TV Cream

Pig Hits!

Pig Hits! #5

 Week five of Pig Hits! and our public vote compilation of the best of the first half of Now That’s What I Call Music!’s century is building nicely. Here’s what you decided to include from last week’s nominations:

Now! 16: Belinda Carlisle – Leave A Light On
Now! 17: Depeche Mode – Enjoy The Silence
Now! 18: The La’s – There She Goes
Now! 19: The KLF – 3am Eternal
Now! 20: Vic Reeves & the Wonder Stuff – Dizzy

As a reminder, we’re going through the Now! volumes one by one, picking three tracks ourselves, bringing in a guest judge every week to make the case for another, and then using @tvcream to put the final word to our readership. We’re very pleased to be joined this week by a man who has appeared on a Now! himself, volume 44 as point of fact as a member of top five act the Cuban Boys. Since then he’s co-written a UK Eurovision entry and recorded a hit single with Glen Campbell; now half of Spray and keyboard player for Helen Love, welcome Ricardo Autobahn…

Now That’s What I Call Music! 21 (released April 1992)

And so, finally, we reach The Goodier Age of the series. The competition in the form of Hits, or at least the original iteration of that series, died off in 1991, and given the state of pop at the time it’s hardly surprising – three of the first seven tracks on volume 21 are re-releases (Bohemian Rhapsody, the Temptations’ My Girl and It Must Be Love) No Smells Like Teen Spirit, which had been a hit just as 20 came out.


Genesis – I Can’t Dance

There had been moments before when Phil Collins’ finely tuned sense of humour had broken through – the band’s representation in the Land Of Confusion video, his self-effacing turn on Gone Live! – but without warning his band went and made something entirely different from the AOR monolith we’d come to know them for and were all the better for it. A blues riff, some wryness partially taking off Levi’s adverts, the odd bit of keyboard, and something that works purely because it’s so unlikely.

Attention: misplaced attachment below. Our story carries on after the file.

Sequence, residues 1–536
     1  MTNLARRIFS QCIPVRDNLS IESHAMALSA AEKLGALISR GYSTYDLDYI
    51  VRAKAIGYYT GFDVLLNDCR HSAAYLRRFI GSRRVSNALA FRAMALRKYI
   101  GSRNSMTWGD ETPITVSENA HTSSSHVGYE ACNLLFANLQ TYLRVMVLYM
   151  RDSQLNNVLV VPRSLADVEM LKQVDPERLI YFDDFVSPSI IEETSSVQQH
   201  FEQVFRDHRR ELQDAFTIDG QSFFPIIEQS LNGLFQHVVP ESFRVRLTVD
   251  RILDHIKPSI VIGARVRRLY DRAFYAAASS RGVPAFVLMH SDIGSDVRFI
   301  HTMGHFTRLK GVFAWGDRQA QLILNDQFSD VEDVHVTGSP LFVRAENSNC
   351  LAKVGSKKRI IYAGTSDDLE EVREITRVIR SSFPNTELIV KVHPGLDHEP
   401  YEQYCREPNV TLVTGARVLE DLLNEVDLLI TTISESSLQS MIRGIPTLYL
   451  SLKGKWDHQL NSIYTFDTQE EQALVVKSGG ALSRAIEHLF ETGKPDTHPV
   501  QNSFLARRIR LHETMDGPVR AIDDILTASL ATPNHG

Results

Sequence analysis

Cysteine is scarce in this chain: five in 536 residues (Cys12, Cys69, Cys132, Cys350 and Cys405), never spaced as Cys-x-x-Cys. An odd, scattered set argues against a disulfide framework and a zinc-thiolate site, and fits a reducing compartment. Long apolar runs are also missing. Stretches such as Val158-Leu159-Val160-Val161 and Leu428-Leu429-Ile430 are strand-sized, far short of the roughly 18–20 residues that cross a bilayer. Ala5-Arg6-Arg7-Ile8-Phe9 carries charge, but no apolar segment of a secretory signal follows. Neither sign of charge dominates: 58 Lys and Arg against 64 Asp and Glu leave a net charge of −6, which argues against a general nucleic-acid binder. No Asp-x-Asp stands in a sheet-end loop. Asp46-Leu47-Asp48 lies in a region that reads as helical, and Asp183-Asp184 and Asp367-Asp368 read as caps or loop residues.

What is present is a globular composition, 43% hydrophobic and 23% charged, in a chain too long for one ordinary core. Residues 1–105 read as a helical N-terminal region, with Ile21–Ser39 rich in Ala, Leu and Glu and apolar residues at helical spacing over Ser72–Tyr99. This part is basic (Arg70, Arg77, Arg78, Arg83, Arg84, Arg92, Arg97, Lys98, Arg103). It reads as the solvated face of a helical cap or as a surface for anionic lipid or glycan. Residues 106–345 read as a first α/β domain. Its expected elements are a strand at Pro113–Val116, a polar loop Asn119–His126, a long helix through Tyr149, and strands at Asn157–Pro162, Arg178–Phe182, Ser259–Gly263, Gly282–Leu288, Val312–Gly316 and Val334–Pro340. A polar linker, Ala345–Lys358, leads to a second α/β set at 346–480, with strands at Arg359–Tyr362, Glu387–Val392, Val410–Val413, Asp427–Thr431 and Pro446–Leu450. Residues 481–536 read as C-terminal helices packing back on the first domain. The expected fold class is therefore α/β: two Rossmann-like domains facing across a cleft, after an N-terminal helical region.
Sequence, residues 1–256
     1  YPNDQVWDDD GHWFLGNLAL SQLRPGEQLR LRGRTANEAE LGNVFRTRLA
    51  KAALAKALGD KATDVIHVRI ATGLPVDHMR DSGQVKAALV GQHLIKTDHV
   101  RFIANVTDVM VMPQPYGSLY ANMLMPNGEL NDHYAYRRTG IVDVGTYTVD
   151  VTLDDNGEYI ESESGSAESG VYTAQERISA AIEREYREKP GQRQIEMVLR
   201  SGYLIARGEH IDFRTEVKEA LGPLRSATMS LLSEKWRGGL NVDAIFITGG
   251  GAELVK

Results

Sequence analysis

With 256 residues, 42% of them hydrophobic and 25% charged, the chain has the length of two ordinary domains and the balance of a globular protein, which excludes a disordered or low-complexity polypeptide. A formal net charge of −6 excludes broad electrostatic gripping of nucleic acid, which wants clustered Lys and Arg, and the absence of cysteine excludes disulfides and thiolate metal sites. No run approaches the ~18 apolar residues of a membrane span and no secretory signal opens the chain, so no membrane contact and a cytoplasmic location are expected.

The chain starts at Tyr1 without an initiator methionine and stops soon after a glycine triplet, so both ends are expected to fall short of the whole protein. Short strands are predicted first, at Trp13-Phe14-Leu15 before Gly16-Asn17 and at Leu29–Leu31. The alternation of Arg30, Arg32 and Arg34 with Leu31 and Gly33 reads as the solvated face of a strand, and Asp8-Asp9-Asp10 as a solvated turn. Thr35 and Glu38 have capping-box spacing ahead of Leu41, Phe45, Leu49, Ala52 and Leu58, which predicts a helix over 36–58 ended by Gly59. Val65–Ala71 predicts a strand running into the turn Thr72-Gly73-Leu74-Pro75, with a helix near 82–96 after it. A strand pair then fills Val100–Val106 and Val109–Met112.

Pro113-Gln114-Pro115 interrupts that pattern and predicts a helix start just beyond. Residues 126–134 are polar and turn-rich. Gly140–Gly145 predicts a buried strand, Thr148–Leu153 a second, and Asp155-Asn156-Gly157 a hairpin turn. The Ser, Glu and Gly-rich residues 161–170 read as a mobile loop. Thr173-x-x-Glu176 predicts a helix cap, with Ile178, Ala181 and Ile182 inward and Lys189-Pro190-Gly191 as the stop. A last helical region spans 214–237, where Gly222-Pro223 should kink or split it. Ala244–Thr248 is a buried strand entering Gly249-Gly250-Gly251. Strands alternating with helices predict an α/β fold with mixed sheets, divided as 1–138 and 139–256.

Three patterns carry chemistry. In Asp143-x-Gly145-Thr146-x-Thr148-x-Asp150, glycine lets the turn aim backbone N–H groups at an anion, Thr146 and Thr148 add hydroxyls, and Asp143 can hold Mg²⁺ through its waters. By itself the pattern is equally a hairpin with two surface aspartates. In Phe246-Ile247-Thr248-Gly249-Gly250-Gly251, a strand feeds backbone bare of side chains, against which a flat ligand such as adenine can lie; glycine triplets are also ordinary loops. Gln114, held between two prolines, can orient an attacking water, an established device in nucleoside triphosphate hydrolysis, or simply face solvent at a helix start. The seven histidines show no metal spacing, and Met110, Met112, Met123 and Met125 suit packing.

Opus III – It’s A Fine Day

Usually Edward Barton could be found doing this sort of thing, but in 1983 he had a minor indie hit writing an acapella song for his girlfriend Jane. Nine years later three members of infamous rave sound system Spiral Tribe and Kirsty Hawkshaw – daughter of Alan, of Grange Hill/Countdown/Dave Allen At Large theme fame – gave it a breakbeat reworking for a rave-lullaby air that suggests all that time spent in fields being longingly wide-eyed could be made into music. Hawkshaw’s shaven headed apart from a bit at the front look briefly made her an in-demand face, which she responded to by disappearing back into Featured Singer status on ambient house records.